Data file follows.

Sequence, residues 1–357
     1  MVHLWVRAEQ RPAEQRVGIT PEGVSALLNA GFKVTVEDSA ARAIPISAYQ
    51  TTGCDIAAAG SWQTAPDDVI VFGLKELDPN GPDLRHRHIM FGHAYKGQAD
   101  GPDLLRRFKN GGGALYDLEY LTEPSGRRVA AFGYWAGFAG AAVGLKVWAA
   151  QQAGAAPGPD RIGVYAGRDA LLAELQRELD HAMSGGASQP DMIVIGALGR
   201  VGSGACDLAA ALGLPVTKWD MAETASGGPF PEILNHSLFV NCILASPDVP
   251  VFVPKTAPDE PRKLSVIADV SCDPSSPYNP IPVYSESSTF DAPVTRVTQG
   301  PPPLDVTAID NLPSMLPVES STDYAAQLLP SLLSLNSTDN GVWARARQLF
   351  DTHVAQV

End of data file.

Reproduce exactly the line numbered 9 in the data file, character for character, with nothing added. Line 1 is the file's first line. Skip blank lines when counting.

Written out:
   351  DTHVAQV